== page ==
Saturday, May 14, 2011

PimPage: An Occasional Feature in Which I Call Interesting Books to Your Attention

I read James Reasoner's Under Outlaw Flags when it was published, and it remains a favorite of mine (not to mention a great idea for a movie). I read an advance copy of Julius Katz and Archie, and since I've been a fan of the short stories, I figured the novel would be equally entertaining. It certainly was. You can't go wrong with either of these, both of which are now available as e-books. Highly recommended.

The Only Thing We Have to Fear . . . .

io9: "A briefcase-shaped press kit touting Acura's product placement in the film Thor caused a bomb scare and evacuation at a bus station in downtown Ann Arbor, Mich., after a writer for buff book Automobile tossed it in a dumpster."

PimPage: An Occasional Feature in Which I Call Interesting Books to Your Attention

I can't resist a good pirate tale, and Ed Gorman and Tom Piccirilli have written a dilly here. It's got sword fights, a pirate named Crimson (surely they're having a little fun with us Burt Lancaster fans here, since Crimson's a woman, who, in my opinion, looks like Geena Davis with red hair and not at all like Burt), storms, scurvy dogs, and . . . . well, let's put it this way: This might start off like a typical pirate tale, but it sure doesn't wind up that way. Originally published by Subterranean, it's now available as an e-book. Check it out here.

Sixkill -- Robert B. Parker

As I've mentioned many times, I read the first Spenser novel when it appeared, and I haven't missed one since. Sixkill is #39 in the series, and the final one written by Robert B. Parker.

The title is taken from the name of a Cree Indian, bodyguard to a movie and TV star named Jumbo, who may or may not have killed a young woman (think Fatty Arbuckle). Sixkill is fired when Spenser beats him in a short fistfight and shows up at Spenser's office. He's in sad shape, and it's up to Spenser to show him how to become the man he was meant to be. Hawk is conveniently out of town, so Spenser takes Sixkill to the gym and gets to work. I have a feeling you know how this part of the story turns out.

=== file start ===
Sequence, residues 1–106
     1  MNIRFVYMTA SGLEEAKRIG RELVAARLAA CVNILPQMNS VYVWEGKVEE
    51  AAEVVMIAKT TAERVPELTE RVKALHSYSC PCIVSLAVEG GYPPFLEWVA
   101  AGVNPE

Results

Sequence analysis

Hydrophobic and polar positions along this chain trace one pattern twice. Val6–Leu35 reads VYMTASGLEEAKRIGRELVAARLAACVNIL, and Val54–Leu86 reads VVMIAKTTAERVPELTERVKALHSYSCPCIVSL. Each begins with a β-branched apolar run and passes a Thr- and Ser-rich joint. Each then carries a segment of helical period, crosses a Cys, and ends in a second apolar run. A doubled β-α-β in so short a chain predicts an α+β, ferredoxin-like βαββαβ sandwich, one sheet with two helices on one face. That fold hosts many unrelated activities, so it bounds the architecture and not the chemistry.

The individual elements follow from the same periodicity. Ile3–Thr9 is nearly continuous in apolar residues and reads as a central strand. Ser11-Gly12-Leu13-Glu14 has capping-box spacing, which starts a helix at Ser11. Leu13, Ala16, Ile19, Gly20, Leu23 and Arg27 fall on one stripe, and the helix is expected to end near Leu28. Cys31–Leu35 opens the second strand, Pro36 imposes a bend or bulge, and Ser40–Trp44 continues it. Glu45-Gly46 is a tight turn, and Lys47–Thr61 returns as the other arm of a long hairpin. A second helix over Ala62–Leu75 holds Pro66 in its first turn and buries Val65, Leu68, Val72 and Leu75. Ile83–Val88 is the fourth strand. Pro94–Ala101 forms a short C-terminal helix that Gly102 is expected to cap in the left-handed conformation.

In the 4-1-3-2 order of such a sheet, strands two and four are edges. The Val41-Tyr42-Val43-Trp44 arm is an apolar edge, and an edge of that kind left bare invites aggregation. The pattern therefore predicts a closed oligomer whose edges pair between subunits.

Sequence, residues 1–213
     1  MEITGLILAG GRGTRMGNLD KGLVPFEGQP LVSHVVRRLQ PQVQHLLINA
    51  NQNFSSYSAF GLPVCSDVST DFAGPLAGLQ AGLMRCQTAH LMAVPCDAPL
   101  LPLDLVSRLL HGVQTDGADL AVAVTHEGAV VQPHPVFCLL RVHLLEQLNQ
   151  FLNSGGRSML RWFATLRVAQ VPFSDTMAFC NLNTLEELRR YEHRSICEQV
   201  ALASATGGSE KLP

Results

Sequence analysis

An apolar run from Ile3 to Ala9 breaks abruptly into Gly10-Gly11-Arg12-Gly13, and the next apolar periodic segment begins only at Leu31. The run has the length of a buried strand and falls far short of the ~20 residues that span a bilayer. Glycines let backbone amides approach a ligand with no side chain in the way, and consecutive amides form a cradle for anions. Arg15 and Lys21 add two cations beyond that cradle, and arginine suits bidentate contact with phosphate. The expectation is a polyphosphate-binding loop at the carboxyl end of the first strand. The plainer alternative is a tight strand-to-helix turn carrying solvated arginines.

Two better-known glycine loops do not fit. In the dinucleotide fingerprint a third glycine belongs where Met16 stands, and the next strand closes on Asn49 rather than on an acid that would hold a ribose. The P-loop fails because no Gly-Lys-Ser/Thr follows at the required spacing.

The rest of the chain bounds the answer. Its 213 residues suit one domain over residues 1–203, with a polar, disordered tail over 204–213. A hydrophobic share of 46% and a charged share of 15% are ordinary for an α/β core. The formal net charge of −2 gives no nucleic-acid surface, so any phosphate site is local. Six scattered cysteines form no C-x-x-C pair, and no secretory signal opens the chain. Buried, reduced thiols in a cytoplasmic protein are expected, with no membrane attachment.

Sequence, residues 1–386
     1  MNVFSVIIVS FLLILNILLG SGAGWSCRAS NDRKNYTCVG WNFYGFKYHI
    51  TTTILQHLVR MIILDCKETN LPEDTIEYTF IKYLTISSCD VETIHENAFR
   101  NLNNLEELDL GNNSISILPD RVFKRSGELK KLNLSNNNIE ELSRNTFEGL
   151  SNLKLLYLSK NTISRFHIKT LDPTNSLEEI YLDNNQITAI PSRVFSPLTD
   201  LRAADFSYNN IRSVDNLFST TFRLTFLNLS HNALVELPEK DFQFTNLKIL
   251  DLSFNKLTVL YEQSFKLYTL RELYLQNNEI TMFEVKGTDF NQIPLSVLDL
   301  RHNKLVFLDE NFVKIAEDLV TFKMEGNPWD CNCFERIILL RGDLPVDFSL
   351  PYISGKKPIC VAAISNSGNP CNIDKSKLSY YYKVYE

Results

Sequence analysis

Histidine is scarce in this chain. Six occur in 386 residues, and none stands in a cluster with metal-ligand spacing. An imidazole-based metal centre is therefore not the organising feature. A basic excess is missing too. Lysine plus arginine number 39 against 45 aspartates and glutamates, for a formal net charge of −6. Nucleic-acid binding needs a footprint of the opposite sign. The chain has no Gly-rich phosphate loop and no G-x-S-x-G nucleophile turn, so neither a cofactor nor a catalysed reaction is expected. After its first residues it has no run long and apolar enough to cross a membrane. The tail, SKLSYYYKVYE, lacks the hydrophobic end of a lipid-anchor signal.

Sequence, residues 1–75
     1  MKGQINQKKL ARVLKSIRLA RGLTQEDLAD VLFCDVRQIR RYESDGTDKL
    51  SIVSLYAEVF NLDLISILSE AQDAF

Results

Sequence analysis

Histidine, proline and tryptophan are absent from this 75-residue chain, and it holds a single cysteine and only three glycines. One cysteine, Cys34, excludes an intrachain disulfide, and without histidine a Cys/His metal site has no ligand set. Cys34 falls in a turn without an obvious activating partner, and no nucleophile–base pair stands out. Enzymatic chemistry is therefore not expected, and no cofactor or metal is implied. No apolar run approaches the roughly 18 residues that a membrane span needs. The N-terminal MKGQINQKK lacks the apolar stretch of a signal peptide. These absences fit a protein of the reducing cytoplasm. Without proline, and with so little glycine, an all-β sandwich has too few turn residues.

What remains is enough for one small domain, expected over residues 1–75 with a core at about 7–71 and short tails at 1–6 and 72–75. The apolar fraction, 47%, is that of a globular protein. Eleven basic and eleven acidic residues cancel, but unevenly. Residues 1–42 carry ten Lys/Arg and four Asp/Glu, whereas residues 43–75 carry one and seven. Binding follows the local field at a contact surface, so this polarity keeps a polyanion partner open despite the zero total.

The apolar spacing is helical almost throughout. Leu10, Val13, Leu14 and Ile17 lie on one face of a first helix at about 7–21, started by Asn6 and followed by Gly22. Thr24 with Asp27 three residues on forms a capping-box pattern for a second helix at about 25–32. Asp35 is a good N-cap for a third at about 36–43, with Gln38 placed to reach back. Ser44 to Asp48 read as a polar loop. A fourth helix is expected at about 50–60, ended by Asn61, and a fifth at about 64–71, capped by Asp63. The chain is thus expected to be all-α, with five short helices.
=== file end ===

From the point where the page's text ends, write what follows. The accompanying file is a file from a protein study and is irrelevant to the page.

Meanwhile, Spenser continues to work on the case of the young woman's death in spite of threats from some heavy-duty tough guys. I have a feeling you know how that part of the book turns out, too.

All the elements are familiar. Spenser's actions are predictable. So what? It's like the Nero Wolfe series. If Wolfe didn't count the bottle caps or go to the plant room or wear his yellow 'jammies, I'd be disappointed. Parker makes the familiar fun. The prose is dandy, and the dialogue is as much fun as ever.

There's some talk about death in the book, and the remarks become especially evocative now that Parker's gone. Parker and Spenser had a great run. I'm really going to miss them.

No Comment Department

After June 1, it'll be possible to hire a prostitute using an iPhone app.

Hat tip to Mel Odom.

Today's Vintage Ad

50 Classic Plays Every Student Should Read

50 Classic Plays Every Student Should Read

Once Again, Texas Leads the Way Travel + Leisure Magazine has listed Houston as the No. 1 city in the country for hamburgers.


Arthur C. Clarke, Childhood's End, Ballantine, 1953

Once Again, Texas Leads the Way